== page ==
Alexandra Lange
Architecture & design critic

The Interior Lives of Black Homes

Helen C. Maybell Anglin outside her home in the Chatham Park neighborhood in Chicago, circa 1974.

Helen C. Maybell Anglin, the self-described “soul queen of southern cuisine,” is posed on the steps of her fieldstone house on the South Side of Chicago, swathed in black mink. It is 1974, and the house, which she commissioned in 1965 from the architect Milton M. Schwartz, is as bold and glamorous as its statuesque owner, with a recessed portico, double entrance doors and a skylighted, shag-carpeted living room that’s big enough to dwarf her white baby grand piano.

Ms. Maybell Anglin died in 2009, and the house remained under family ownership until last year. Bertina Power, an author and real estate broker, was asked to give her professional opinion to someone who wanted to rehab and sell it.

“I was like, ‘I’m going to buy it,’” she said. “I have been going in and out of million-dollar houses for years and nothing moved me like this house did. I didn’t know why.”

Ms. Power is, like Ms. Maybell Anglin, a Black woman and entrepreneur just under six feet, and she has come to believe her ownership was fate. While Ms. Power did not know her new home’s history until after she stepped inside, it seems unlikely that such a house could fly under the radar now.

Ray Eames: Beauty in the Everyday

New Angle: Voice is back! We kick off Season Two with a profile of Ray Kaiser Eames.

Many know Ray Eames as the small, dirndled woman behind her more famous husband. In this episode, we uncover the talented artist who saw the world full of color, the industrial designer bending plywood in the spare bedroom, and the visionary who treated folk art, cigarette wrappers, flowers, and toys as equally valuable and inspiring. Ray brought the sparkle to the legendary Eames Office, as you’ll discover in this episode.

Special thanks to the people you’ll hear in this episode: Pat Kirkham, Lucia Dewey Atwood, Llisa Demetrios, Jeannine Oppewall, Donald Albrecht, Meg McAleer and Tracey Barton at the Library of Congress, and Alexandra Lange.

Dansk and the Promise of a Simple Scandinavian Life

Illustration by Carolina Moscoso

In the summer of 1958, the sleek, modernist Statler Hilton in Dallas hosted the presentation of the Neiman Marcus Fashion Award, an annual prize created by the department-store president Stanley Marcus and his aunt Carrie Marcus Neiman. Onstage that day were Yves Saint Laurent, fresh from the creation of his Trapeze line, which freed the waist; the children’s couturier Helen Lee, known for bright, poofy girls’ dresses; and a rather standoffish Danish housewares designer named Jens Quistgaard, plucked from the remote island where he lived, wearing antiquated knickerbockers and sailor’s shoes. Under the headline “Designing Dane, Isle’s Only Man,” a reporter for the Atlanta Journal later warned, “All you men who have wives with roving eyes, blindfold them—HURRY! The bearded Dane . . . is in town today, and the ladies are giving him looks akin to those you gave Brigitte Bardot at the movies the other night—remember?” The next day, a trifecta of models, wearing Y.S.L. sweaters and Pucci pants, posed with an ice bucket designed by Quistgaard held high like a trophy. Danish design was having its “Mad Men” moment.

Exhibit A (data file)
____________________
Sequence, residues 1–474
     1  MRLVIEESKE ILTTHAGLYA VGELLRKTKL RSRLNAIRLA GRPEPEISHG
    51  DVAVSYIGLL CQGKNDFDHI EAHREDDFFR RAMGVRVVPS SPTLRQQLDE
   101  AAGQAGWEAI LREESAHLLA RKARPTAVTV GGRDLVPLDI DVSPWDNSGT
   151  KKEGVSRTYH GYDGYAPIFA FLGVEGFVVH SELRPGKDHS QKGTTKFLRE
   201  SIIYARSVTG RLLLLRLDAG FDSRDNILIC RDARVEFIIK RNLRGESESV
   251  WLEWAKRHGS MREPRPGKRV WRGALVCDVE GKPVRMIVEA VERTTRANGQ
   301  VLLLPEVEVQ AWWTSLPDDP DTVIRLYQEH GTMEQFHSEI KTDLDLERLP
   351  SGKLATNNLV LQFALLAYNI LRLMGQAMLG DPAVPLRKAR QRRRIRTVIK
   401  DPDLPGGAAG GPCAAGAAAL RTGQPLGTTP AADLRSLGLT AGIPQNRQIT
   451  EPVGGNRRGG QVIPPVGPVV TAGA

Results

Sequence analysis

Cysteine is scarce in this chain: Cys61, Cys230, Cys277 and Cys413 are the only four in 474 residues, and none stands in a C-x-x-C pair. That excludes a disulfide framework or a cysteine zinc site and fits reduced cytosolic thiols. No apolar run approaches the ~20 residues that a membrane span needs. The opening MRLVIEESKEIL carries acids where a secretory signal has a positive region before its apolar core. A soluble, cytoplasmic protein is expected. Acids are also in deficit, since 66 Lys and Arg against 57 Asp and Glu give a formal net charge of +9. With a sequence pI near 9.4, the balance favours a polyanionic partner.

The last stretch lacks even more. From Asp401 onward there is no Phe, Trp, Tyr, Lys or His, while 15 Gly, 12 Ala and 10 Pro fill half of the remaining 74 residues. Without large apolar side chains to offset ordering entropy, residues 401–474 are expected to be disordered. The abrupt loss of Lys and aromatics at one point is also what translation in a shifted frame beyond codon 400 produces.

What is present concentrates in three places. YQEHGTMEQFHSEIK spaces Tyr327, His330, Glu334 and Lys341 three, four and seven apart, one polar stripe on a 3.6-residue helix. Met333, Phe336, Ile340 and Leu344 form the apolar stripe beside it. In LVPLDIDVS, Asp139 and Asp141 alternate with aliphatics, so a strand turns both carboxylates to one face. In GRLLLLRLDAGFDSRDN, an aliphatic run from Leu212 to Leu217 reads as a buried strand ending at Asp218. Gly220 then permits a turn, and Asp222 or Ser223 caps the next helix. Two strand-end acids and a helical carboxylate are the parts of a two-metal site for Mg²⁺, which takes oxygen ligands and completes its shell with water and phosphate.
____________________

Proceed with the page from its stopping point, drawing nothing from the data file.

In a classic American twist, the brand that Quistgaard was promoting while wearing his “customary attire of Copenhagen,” as another retailer put it, wasn’t Danish at all. Dansk originated from Great Neck, on Long Island. “ ‘Dansk’ is like when you sell vodka in the USA,” Quistgaard told his biographer, Stig Guldberg. “You use its Russian name and you kind of keep the original letters on the bottle and brochures.” Guldberg’s new monograph from Phaidon, “Jens Quistgaard: The Sculpting Designer,” seeks to disentangle the man from the brand, but the housewares consumer of 2023 treats the book like a catalogue. Yes, I would like Fjord flatware, which almost seamlessly combines teak with stainless steel. Yes, I would like an enamelled Købenstyle casserole, whose lid serves as a trivet, in brilliant red or turquoise. Yes, I would like a wenge bowl with matching salad servers, which cleverly hook on the side. Yes, I will cook and eat an Emily Nunn salad, an Alison Roman pasta, a Smitten Kitchen bake, from any of the above. The life style that Quistgaard’s design suggested—and that the Dansk founders Ted and Martha Nierenberg deftly promoted—so closely aligns with how we aspire to live now that the food-media juggernaut Food52, which acquired the Dansk brand in 2021, has begun a series of reissues and planned collaborations with contemporary designers.

I'll Miss You, Design Bots

A weekday, workaday afternoon. The endless scroll: News photos, airbrush artworks, animated GIFs,and – what is that? Peacock-blue satin, a regal flare. Click to still the image. It’s a chair, folded-back quilted fabric over a flared red base. It looks like the standup collar of a frock coat. It looks like the skirt of a princess dress. It looks like a parka.

It’s Gaetano Pesce’s Feltri armchair, designed in 1987 for Cassina and tweeted into my consciousness by slam_decorative, a Twitter bot created by Twitter user andrei that automatically shares objects from the St. Louis Art Museum Decorative Arts and Design department. The museum doesn’t run it.

Twitter bots like slam_decorative crawl public records and public collections and tweet historic, anarchic, and beautiful images and texts into your everyday feed. They provide an escape from the influencers, an escape from the algorithm, an escape from 2023 – or they will until February 9, because TwitterDev announced yesterday that the service will stop supporting free access to Twitter API and start charging, reportedly $99 per month for the basic tier.

Santa Claus, the Spirit of the Mall, Is Back

Santa Claus with a client at the King of Prussia Mall, December 2022. Mark Makela/Getty Images North America

Santa arrives at the Grove, the outdoor luxury shopping center in Los Angeles’ Fairfax District, in dramatic fashion: His red sleigh, with eight tiny reindeer, arcs over the mall’s central fountain, framing the 100-foot-tall Christmas tree. Reservations are recommended for Santa’s Workshop, decorated to look like the gooiest of gingerbread houses. And despite December temperatures hitting the 60s in LA, faux snow falls nightly at 7 and 8 p.m.